I’m here to tell you all that you don’t need permission to be ambitious. You don’t need an invitation to take the seat at the head of the table. You don’t need authoritative validation to ask for something that much less qualified people have received. People at the top of the power hierarchy who recruit women—typically white women—in an effort to diversify our leadership structures oversimplify the problem to a gender equality issue of women vs. men. But the more I look for them, the more I find people communicating and collaborating across lines of perceived difference, finding alternatives to a system that has historically rewarded homogeny while congratulating itself for making room for a few token outsiders. 

Lack of perseverance, ambition, or drive isn’t to blame for the deficit of diversity in our community leadership across lines of gender, class, and race. It’s the systemic inequality, something white women honestly cannot experience to the same degree as those with other aspects of difference and identity. To see progress, forward-thinking change, and compassion across the fabric of our community, we have to acknowledge that looking to our left and right—at our own peers—isn’t the way to build the relationships that will lead to our collective or individual growth, in politics or otherwise. To serve people, leaders must consciously unlearn their beliefs and thought patterns that reinforce sexism, heteronormativity, classism, and whiteness.

One thing that excites me about the future, about entrepreneurship and access to technology, is how easily different perspectives from different cultural groups can intersect. Ten years ago as a young adult coming out of a small liberal arts college in a small town into the (relatively small) city of Omaha, I was opened up to dozens of organizations, collectives, and businesses led by people who did not receive higher education, did not have wealth, who did not have racial privilege that I had come to subconsciously associate with success. I began to unravel a tangled web of connections that has brought me to events, to opportunities to volunteer, to performances and fundraisers for individuals whose paths I may never have crossed otherwise. Whose work and ambitions and pain points and struggles I never would have heard. The call for equality and diversity in corporate and political American systems remains undermined by exclusivity, yet there are people creating their own platforms everywhere. Where race, sexuality, and class are taboo subjects in corporate and political leadership, they are simply part of the community fabric in other places. And that’s always been the case. The world is getting smaller, technology is amplifying the voices of anyone who wants to make space for themselves, and our leaders have no more excuses to ignore this vast resource of human intellect, talent, and experience.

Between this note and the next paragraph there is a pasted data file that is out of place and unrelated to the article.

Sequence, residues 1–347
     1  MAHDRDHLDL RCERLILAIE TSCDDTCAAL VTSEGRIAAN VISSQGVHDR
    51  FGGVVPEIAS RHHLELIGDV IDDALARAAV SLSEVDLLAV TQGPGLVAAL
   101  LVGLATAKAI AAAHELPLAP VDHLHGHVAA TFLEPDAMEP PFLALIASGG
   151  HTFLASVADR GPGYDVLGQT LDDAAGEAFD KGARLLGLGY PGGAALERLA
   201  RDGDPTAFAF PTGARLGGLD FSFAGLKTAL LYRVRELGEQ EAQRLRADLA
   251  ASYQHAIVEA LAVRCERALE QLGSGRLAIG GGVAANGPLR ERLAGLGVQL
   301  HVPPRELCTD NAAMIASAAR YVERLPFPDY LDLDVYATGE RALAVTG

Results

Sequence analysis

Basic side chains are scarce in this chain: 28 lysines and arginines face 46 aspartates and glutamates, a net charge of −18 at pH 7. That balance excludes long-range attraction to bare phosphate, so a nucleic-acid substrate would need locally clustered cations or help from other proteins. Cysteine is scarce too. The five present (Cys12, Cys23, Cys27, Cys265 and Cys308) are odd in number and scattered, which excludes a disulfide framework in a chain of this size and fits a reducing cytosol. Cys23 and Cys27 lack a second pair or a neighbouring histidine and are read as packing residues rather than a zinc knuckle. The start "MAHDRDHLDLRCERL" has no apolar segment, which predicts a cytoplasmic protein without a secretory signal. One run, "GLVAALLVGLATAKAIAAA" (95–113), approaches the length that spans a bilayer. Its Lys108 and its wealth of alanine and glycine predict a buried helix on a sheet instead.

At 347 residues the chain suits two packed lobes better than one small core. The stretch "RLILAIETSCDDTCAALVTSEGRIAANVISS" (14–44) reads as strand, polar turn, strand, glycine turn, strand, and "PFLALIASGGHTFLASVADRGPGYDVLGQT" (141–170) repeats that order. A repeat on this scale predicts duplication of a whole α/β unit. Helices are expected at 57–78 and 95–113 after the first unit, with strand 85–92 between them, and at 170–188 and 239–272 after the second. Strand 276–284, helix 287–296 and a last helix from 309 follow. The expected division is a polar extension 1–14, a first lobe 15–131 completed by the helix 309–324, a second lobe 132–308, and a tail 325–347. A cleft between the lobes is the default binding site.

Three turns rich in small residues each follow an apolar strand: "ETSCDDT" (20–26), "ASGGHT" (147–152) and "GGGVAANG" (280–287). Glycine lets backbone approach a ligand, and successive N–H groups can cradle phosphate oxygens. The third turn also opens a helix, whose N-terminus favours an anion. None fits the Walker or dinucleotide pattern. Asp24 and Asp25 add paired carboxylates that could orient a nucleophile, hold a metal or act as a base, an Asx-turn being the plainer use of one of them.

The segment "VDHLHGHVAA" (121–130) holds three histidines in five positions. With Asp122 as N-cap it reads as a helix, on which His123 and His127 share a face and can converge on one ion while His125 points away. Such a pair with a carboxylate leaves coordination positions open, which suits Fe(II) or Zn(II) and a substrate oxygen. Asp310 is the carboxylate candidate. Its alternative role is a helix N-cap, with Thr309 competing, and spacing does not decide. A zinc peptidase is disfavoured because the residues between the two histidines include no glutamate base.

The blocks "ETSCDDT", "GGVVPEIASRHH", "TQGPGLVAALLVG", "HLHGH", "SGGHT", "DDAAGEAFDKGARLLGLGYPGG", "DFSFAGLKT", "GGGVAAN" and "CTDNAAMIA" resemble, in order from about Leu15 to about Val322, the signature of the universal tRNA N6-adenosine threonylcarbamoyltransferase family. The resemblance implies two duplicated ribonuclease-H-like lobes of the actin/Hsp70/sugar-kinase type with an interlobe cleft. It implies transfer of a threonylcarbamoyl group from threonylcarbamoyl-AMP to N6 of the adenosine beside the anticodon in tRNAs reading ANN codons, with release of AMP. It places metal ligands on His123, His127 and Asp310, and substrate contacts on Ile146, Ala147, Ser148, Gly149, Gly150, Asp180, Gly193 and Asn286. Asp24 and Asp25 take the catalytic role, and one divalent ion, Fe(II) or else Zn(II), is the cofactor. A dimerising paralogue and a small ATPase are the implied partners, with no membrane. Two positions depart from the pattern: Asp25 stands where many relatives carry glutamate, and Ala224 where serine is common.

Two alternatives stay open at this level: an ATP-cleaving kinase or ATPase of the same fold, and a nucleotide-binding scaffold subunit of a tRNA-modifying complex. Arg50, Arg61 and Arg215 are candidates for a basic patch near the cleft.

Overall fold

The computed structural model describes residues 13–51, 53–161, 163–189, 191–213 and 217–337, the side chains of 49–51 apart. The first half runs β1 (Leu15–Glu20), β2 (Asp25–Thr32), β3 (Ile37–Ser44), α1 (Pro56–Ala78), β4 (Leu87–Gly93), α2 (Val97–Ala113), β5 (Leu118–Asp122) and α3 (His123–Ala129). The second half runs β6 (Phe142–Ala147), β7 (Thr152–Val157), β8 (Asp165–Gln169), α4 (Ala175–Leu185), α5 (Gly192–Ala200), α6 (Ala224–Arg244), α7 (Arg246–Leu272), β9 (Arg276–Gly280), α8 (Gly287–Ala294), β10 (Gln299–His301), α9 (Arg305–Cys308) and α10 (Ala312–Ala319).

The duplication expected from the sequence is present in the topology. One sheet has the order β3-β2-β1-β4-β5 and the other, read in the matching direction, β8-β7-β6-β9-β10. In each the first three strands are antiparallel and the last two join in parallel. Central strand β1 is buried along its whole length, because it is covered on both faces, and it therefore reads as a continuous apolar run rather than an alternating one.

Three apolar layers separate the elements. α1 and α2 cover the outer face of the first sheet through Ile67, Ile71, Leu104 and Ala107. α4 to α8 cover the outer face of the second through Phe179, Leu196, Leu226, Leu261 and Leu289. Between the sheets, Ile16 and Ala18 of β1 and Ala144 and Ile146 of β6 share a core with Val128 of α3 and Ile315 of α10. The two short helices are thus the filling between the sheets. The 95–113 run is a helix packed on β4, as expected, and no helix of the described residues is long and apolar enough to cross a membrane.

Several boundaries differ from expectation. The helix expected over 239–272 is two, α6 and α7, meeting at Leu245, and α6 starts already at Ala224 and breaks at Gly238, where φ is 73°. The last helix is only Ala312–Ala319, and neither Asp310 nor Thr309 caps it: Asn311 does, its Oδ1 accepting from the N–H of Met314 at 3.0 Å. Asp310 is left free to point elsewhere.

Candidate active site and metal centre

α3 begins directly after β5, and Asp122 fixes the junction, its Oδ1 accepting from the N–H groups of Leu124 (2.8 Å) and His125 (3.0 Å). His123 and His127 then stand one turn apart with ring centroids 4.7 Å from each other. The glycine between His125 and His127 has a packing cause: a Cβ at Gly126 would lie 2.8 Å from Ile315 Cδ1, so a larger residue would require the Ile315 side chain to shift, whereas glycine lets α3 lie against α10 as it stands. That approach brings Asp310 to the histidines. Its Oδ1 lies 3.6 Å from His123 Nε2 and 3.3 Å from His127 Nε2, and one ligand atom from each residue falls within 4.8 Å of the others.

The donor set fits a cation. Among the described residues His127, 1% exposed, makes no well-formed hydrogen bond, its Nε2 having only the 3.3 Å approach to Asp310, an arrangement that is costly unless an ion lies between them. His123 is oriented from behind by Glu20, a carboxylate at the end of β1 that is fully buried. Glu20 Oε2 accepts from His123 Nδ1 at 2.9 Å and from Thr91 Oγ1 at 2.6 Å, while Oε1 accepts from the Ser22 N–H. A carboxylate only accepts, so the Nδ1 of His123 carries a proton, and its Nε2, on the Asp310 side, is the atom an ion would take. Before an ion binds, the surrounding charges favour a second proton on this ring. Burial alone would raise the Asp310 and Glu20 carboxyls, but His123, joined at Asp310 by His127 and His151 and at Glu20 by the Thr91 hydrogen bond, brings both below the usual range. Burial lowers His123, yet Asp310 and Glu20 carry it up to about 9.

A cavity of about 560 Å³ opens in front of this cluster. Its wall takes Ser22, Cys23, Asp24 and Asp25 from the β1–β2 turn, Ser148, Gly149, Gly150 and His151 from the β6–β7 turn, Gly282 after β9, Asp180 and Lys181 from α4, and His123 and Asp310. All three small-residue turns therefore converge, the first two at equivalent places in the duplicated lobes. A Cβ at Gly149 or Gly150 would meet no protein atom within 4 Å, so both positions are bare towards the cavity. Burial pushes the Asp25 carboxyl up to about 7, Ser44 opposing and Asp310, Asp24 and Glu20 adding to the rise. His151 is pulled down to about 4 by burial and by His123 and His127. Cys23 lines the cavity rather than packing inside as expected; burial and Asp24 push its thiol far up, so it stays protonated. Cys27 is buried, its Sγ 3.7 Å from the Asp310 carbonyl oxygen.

I suppose I just want to be wary of too much self-congratulation. We should all examine who we have solidarity with. The insecurity of the marginalized is not the platform on which to build security for the powerful.

New arrivals at Hello Holiday: I'll spare the Autumn puns

After a few weeks of sitting on some new inventory we finally got in the studio with Hooton Images, an amazing new photography team for us. Our in-house photographer Amy Lynn made the big move to Chicago last month to pursue new opportunities for more editorial photoshoots, but we'll still be working with her from time to time on special projects. 

Below are some of my favorite picks from our fall collection at Hello Holiday. We sourced a lot of this in London last August from U.K.-based designers like Lavish Alice, Louche, and Emily & Fin, who has long been a customer favorite. Loved finally meeting Emily Rose Froud, the designer behind Emily & Fin, which we've been carrying since our start nearly three years ago! 

Lavish Alice is a brand for our more witchy, sophisticated, dark customers. The pieces from our Lavish Alice collection feature menswear details, capes, and luxurious fabrics at a very affordable price point. Finally, Louche is a London-based brand that we've been eyeing for a while and were excited to finally see in person. The fabrics are soft and wearable, they have stretch, they're comfortable. From this designer we've found several perfect day-to-night options for our swinging '60's queens.